A Seattle resident recently tweeted the local police department to make a records request, just one event in a string of public devotion to the platform.
In 2014, Twitter is turning a profit for the first time, perhaps because people are starting to take the platform more seriously. It's a legitimate mode of communication for organizations seeking new employees; governments are archiving tweets alongside the rest of its public records; and now people are using it to make public records requests.
On April 29, Twitter user @sleepylemur contacted the Seattle Police Department via Twitter requesting an archive of each officer’s Twitter feed. Seattle Police Department runs a program called “Tweets by Beat” that allows the public to follow the arrests and leads of police officers throughout the city. The department is using Twitter as a kind of new age police blotter. Noticing gaps in the tweet history, @sleepylemur tweeted the Seattle Police Department:
The user was then instructed to follow traditional methods:
@sleepylemur If you could please send a formal request to SPDPDR with your contact info, they can get that started for you.— Seattle Police Dept. (@SeattlePD) April 29, 2014
But the incident demonstrates the mindset of a new generation. It seemed reasonable to @sleepylemur to request information via Twitter -- a platform that was founded eight years ago, meaning there are young people alive today who have never lived in a world without Twitter. And in a few years, those people will be teenagers who will then become young adults -- who may expect organizations like the Seattle Police Department to conduct business using a platform they’ve known their entire lives.
Realistically @sleepylemur knows government isn't quite there yet. In an interview via Twitter, he said he didn't expect his public information request via Twitter to work, necessarily. "I expected they'd say, 'Get thee to a fax machine,'" he said, adding that the department does allow the official form to be emailed, so that's what he did.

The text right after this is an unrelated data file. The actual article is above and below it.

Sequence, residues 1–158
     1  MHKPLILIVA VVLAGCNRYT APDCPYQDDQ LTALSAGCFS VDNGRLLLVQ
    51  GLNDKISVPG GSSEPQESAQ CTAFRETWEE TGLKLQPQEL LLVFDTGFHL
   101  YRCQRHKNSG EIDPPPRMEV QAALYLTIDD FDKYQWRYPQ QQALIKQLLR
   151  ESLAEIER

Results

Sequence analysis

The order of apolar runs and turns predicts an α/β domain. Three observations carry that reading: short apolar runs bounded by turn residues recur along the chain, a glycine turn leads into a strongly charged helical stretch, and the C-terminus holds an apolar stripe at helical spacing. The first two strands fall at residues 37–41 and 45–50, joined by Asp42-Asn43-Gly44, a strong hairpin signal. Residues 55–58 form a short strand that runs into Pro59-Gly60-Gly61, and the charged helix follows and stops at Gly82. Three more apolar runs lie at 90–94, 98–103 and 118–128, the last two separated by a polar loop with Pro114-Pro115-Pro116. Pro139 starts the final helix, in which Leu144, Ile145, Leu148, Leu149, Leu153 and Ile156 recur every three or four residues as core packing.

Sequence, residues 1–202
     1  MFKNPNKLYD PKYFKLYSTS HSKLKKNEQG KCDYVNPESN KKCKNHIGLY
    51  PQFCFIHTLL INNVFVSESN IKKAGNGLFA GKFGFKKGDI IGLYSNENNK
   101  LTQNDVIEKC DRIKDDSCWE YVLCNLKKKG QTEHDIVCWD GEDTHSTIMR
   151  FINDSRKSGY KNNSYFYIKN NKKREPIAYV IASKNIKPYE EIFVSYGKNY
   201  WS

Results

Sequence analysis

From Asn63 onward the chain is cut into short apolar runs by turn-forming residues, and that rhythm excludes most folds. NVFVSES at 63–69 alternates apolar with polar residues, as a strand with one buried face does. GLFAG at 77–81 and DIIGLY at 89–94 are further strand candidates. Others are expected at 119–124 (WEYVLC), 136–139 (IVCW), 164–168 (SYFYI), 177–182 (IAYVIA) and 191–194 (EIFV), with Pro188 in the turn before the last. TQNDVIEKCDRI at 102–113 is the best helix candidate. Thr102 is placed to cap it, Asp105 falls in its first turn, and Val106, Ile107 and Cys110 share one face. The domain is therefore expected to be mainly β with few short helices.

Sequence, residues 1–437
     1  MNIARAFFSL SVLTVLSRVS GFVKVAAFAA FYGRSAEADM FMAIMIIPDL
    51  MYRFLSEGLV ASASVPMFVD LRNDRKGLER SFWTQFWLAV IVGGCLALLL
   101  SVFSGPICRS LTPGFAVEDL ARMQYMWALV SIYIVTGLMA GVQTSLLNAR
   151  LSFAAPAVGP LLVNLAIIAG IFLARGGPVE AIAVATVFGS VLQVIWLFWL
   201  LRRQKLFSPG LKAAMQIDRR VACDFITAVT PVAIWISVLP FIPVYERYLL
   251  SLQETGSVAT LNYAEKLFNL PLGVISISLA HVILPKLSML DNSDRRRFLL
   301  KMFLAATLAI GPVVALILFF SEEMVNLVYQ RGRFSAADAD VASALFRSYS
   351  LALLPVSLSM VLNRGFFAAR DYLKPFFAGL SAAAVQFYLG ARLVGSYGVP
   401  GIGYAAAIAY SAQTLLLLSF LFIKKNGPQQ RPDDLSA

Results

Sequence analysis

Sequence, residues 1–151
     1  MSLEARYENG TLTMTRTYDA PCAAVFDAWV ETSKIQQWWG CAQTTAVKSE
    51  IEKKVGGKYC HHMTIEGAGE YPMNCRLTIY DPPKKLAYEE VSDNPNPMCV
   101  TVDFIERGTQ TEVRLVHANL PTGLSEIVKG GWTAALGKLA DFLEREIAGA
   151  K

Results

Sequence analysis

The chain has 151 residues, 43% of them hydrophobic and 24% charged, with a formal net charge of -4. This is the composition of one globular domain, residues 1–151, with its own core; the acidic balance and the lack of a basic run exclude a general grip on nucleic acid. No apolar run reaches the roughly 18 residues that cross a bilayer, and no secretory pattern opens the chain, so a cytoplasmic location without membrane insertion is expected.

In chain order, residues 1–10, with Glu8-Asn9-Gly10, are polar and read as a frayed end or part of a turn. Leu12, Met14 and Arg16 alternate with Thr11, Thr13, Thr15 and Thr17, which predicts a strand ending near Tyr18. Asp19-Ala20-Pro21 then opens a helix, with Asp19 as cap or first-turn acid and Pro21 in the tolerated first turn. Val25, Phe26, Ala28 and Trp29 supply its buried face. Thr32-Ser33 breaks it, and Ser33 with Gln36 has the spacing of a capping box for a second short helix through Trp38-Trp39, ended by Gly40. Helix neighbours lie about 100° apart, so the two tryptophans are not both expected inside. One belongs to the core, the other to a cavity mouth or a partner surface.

As for whether Public Records Act requests via tweet is something agencies should start working toward? "If they support requests via email, why not Twitter?" he said.
And it does make perfect sense for governments to embrace Twitter, because it’s an established platform of communication that people know how to use, said Anil Chawla, founder and CEO of ArchiveSocial – much like the telephone, Twitter is becoming a common, understandable and simple platform that can be used to reach anyone.
“I think social media has become a natural component of our lives,” Chawla said. “I think it speaks to how social media impacts government in general and why governments need to embrace social media and be active on it. It’s because it’s where citizens are and it’s what’s most convenient for them."
One of the best examples of this, he said, is cities like San Francisco, New York and Kansas City integrating Twitter with their 311 help center.
"It used to be a pain, where you’d have to go back to a computer and find the website for the city, find the right number, find the right form, and not many people would do that," Chawla said. "But now that it’s just a Twitter feed, if I know there’s a problem, I can just tweet to them -- and that’s completely natural way for us to operate in this day and age.”